In a major victory for the Maritime Union of New Zealand, the Employment Court ruled on March 21st, 2012, that Port of Auckland were no longer permitted to continue with redundancy proceedings against union workers and they were no longer permitted to advertise for contract workers or hire contract workers from Drake Personnel Limited or Allied Workforce Limited. The Employment Court ruled that the workers who lost their jobs had to be reinstated and their wages backdated to the time strike action began.
In a further development (30th March 2012), after the workers were illegally locked-out by the Ports bosses in response to the 21st March ruling, and with the 6th April Employment Court date looming over this illegal lock-out, Ports bosses caved in under pressure. The employment laws were upheld not because the judge was acting as a neutral arbiter of the state but because the more far sighted representatives of the bosses understood that the Maritime Union was building strong support amongst workers for the dispute and that this was seriously raising the consciousness of workers.
The state machine, and that includes the Employment Court, is not a neutral body. The state is there for one reason: only to defend the interests of the ruling class. In this case from the bosses’ perspective the Employment Court ruling was to gain a breathing space whilst they re-think their strategies on casualising the workforce.
No doubt if the bosses were confident of defeating the Maritime Union, the Employment Court would have found in favour of the Ports bosses on some dubious technicality of law. In this case the balance of class forces was firmly in favour of the workers and the more far sighted bosses understood this, hence the ruling.
This latest ruling from the Employment Court and the subsequent cave in from the Ports bosses marks a major triumph for unionised workers, whose right to strike when employers do not act in good faith has been restored. It also strikes a major blow to the bosses, who believe that it is acceptable to hire scabs, to break strikes and destroy the hard won gains of waterfront workers that have been accumulated over many decades, so that they can pursue super-profits through the super-exploitation of workers. The bosses have had a bloody nose and their agenda to casualise the workforce has had a major setback.
Despite the shameful fence-sitting by the Auckland Mayor, Len Brown – who tried to claim he could not take sides in the Port dispute because of the law – was feeling the heat too. On 29th March he met a delegation of the International Transport Workers Federation from Australia and Britain. No doubt "Brother Mayor Brown" was told which side he should be on! Despite, Mayor Len Brown and the mealy-mouthed response from some of the Labour leadership, in particular its new leader David Shearer, the unionised Port workers were able to show that worker solidarity both in New Zealand and internationally and a steadfast resolve was capable of overcoming any barriers thrown up by the Ports of Auckland bosses and their apologists in the media and the National-led government.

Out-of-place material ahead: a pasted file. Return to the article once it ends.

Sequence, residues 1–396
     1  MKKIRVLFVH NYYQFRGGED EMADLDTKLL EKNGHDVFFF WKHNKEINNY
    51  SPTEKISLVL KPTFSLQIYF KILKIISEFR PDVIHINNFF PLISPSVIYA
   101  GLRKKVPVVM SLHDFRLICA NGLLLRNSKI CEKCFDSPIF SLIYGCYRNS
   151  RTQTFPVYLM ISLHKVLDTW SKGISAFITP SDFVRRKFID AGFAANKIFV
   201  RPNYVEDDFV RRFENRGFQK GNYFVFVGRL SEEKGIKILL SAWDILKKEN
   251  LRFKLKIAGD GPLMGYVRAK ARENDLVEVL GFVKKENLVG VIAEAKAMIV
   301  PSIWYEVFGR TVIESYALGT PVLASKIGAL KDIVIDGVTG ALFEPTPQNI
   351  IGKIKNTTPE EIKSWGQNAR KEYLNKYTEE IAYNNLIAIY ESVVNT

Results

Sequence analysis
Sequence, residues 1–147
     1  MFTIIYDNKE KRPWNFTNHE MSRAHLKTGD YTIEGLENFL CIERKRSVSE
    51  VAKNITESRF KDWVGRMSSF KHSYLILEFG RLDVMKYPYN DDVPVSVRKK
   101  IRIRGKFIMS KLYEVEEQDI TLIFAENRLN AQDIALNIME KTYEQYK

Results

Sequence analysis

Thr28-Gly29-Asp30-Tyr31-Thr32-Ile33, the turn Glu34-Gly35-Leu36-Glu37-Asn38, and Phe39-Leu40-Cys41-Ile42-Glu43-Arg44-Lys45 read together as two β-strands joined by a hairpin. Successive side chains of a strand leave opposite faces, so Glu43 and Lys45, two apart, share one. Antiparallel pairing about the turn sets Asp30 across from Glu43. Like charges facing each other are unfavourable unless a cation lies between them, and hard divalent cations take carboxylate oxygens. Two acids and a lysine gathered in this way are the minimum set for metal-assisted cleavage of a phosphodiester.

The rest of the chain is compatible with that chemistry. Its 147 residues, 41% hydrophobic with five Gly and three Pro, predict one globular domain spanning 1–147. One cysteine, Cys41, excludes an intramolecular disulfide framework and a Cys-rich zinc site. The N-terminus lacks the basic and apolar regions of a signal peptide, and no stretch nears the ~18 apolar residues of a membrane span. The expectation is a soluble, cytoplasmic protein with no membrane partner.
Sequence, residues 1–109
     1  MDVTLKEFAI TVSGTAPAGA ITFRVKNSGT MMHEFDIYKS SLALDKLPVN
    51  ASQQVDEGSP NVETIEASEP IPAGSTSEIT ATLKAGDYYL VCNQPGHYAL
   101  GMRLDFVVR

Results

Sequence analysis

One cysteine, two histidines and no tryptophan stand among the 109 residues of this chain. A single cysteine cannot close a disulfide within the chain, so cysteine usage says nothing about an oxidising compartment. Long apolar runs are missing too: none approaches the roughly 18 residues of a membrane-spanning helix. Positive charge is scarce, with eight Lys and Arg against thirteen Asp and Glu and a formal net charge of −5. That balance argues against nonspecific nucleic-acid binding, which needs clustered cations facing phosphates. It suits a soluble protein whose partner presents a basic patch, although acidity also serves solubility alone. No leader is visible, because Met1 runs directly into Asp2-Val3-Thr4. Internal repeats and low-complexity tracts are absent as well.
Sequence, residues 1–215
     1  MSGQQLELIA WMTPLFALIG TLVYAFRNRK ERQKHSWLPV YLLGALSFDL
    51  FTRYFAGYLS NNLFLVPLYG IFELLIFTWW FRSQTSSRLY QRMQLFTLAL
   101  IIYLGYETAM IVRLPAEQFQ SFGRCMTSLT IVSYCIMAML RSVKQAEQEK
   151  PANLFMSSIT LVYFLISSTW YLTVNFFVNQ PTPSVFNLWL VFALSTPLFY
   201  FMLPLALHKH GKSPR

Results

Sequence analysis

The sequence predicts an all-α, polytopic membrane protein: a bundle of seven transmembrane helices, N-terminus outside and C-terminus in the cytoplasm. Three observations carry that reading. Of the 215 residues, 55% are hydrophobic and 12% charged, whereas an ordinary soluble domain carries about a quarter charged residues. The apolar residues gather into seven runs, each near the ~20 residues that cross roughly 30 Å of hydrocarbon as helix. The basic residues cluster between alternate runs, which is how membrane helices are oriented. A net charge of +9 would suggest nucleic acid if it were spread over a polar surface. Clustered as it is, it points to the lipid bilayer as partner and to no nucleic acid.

The victory of the Ports of Auckland workers last week will undoubtedly inspire workers through-out the country and internationally. The victory will boost the morale of the freezing workers of the AFFCO meat works who are still fighting to defend their pay and working conditions to hold fast in the face of heavy opposition in their fourth week of being locked out.
The Ports of Auckland has now been instructed to return to mediation in good faith. Maritime Union President, Garry Parsloe, stated the main priority of the union now would be to get a new settlement for a collective contract. He added, "Whether this board and port management are capable of working constructively to rebuild the battered and damaged relationship with port workers who they have besmirched at every opportunity and settle a fair collective is an unanswered question.”
The Maritime Union knows it has to remain vigilant for the future, as the bosses will no doubt regroup and future battles will happen. Today we celebrate the power of organised labour and union solidarity winning against all the odds; against all that the bosses system could throw at them.
The Ports of Auckland management has tried to put on a brave face by stating they have only “temporarily” put a halt to making unionised workers redundant and they have not backed down. Certainly the Ports of Auckland bosses are licking their wounds and splits in the management are occurring as the resignation of one of the directors the other night shows. Because the Ports management are defeated for the time being the Maritime Union is highly likely to secure the collective agreement and on better terms.
As the Ports bosses head back to the negotiating table with their tails between their legs they have learned that when the workers have their backs against the wall they are capable of putting up a fight when they act in solidarity. The Ports bosses will be more cautious about taking on the workforce in future.
A major victory for the waterside workers has been scored. This is a victory of the Maritime Union of New Zealand over the scabs brought in from Drake Personnel Limited and Allied Workforce Limited and the Ports of Auckland management. Hopefully, this will be one of many victories that will be enjoyed by the working class in New Zealand.
The 30th March 2012 will go down in the history of the labour movement as a day to celebrate. Workers will be looking at this victory and begin to draw the correct conclusions and begin to understand that militancy pays!